Who first verified Coulomb's Law for the interaction of a proton and electron? Was it Rutherford? Bohr?
$\begingroup$ If you meant to ask who first used coulomb's law to explain the interaction between the proton and electron in the atom, it must be Bohr. $\endgroup$– SensebeDec 21, 2013 at 22:28
$\begingroup$ @VINAY: Yes, that's what I mean. $\endgroup$– GeremiaDec 23, 2013 at 19:49
If you look up Bohr Model in any elementary Modern Physics text, it will be shown as follows.
He surmised that the mechanical and electrical force between proton and electron must be equal for stability = mv^2/R = ke^2/R^2, where the latter is Coulomb's Law.
He went on to predict that E(ground state) = -ke^2/2R = -13.6eV, using the Bohr radius for R.
It had been well established from spectral analysis that -13.6eV is correct, which was a major triumph for Bohr and the rest is history.
$\begingroup$ Yes, certainly a Coulomb potential predicts -13.6 eV. $\endgroup$– GeremiaDec 23, 2013 at 19:51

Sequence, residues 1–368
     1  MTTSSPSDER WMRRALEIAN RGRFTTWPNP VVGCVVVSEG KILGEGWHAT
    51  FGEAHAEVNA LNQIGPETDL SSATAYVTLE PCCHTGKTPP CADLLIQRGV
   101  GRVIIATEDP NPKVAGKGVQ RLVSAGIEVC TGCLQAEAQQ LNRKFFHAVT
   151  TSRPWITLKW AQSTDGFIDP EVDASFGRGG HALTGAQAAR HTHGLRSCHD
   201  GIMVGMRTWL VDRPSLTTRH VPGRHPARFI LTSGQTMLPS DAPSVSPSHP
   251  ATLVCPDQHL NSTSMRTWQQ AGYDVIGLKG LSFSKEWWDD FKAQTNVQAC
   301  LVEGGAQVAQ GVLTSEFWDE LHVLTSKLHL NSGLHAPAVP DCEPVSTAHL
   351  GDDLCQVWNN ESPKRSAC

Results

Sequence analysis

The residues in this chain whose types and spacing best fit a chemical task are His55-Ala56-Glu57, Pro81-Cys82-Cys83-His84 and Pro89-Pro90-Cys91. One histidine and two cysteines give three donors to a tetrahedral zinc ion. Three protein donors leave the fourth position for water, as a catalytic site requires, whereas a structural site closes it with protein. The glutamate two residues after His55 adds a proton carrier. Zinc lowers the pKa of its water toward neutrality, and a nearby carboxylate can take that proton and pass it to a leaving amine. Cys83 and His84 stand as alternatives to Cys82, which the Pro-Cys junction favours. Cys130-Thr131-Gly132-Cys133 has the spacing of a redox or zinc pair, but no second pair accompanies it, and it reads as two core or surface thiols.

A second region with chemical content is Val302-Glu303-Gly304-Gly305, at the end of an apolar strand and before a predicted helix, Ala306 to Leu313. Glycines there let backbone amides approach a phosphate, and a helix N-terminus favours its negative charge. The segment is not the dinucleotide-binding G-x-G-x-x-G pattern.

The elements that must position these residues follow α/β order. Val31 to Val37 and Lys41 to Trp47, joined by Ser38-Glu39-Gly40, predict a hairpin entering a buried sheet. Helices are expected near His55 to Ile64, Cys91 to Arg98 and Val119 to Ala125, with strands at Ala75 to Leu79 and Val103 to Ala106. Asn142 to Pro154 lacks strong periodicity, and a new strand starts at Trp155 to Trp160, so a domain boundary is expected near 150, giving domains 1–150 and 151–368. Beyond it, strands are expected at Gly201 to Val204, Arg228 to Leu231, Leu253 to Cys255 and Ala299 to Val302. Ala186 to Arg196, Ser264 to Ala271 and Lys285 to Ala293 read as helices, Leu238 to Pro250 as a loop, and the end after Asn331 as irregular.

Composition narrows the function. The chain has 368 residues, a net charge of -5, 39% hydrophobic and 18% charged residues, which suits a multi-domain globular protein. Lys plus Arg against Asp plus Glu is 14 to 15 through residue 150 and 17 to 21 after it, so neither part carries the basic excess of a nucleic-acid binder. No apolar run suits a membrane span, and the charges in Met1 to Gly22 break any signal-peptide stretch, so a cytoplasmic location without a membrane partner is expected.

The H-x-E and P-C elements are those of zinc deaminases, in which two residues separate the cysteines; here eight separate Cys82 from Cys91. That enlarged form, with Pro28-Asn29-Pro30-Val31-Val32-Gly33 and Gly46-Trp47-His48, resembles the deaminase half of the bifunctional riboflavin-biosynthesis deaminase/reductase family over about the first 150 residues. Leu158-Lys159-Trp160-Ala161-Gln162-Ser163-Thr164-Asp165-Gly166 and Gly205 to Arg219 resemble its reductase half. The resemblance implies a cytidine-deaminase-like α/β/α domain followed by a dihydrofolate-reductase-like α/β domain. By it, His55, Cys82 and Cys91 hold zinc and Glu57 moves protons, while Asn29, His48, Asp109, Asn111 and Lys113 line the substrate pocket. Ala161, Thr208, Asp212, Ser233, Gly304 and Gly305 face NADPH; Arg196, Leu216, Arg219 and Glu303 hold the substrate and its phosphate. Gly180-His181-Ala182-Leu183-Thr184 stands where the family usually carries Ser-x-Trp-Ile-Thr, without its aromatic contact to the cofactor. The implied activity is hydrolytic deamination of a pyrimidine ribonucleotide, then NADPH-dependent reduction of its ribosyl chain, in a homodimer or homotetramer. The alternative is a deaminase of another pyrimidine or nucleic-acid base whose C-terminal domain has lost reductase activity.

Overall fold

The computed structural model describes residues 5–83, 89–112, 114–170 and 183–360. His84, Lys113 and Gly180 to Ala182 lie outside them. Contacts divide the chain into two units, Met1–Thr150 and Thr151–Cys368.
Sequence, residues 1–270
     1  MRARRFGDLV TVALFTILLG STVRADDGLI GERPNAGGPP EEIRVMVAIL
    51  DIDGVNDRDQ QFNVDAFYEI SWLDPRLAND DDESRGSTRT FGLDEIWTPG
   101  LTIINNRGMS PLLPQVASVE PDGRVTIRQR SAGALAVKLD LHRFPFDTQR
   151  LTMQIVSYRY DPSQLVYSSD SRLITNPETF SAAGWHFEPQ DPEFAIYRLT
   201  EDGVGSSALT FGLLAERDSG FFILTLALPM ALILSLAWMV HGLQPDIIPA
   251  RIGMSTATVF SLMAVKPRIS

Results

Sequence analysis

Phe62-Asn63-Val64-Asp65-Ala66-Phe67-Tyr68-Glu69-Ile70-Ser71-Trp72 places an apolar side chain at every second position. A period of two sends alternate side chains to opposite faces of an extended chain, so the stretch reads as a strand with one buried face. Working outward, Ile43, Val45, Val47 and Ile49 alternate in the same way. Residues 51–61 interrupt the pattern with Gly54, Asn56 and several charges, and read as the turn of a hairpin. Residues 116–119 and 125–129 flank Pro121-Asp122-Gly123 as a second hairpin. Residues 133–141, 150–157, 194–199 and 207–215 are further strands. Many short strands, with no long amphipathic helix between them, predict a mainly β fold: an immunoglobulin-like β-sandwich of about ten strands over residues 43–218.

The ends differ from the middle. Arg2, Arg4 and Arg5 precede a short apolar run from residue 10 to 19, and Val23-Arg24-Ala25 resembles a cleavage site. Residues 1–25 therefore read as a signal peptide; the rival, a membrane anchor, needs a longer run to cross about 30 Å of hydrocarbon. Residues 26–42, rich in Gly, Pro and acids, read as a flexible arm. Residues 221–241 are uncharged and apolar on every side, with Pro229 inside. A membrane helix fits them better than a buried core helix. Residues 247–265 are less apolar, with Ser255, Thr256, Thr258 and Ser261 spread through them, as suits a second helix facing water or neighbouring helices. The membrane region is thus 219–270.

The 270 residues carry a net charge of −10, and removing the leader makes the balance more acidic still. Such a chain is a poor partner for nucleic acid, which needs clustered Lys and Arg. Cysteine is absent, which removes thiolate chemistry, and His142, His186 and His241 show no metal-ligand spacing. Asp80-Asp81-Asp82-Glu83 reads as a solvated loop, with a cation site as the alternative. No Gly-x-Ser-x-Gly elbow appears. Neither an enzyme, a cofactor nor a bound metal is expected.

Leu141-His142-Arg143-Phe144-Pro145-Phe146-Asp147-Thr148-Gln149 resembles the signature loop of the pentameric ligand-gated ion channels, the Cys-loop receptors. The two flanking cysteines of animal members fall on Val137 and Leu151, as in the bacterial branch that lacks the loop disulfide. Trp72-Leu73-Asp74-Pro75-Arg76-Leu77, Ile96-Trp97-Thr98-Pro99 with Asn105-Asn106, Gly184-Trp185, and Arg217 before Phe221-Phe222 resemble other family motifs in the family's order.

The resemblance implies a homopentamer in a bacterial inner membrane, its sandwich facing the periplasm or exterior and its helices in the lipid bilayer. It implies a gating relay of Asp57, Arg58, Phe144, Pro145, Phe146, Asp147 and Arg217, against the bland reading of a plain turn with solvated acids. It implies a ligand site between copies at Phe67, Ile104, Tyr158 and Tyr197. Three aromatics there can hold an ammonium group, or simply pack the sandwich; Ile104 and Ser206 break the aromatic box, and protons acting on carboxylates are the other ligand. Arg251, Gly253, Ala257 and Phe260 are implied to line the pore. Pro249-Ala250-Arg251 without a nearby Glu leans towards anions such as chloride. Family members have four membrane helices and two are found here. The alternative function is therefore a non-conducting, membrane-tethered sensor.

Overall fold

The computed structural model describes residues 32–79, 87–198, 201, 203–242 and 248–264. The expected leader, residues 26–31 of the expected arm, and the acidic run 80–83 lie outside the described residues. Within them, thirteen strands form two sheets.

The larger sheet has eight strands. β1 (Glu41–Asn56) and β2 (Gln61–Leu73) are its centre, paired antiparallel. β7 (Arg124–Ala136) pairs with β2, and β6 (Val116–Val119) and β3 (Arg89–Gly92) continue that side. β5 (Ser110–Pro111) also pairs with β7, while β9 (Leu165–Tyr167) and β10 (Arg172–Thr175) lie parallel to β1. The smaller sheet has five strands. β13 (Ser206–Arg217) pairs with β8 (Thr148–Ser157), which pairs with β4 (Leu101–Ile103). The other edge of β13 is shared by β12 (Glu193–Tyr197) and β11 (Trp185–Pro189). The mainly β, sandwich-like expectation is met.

I think you are confused here - Coulomb's Law refers to electrostatic interactions and atoms are neutral particles so Coulomb's Law they are not related. If you are asking who first verified that atoms have a concentration of charge at their centre, then yes Rutherford was the first to show this.
$\begingroup$ But isn't Rutherford's $cos^4$ law derived for a Coulomb potential? $\endgroup$– GeremiaDec 23, 2013 at 19:49
$\begingroup$ Rutherford's law relates the observed rate of particles to the scattering angle according to $cosec^4(\theta)$, but this assumes a Coulomb potential. The Coulomb's Law describes the strength of the interaction as a function of distance. $\endgroup$– kd88Dec 24, 2013 at 22:01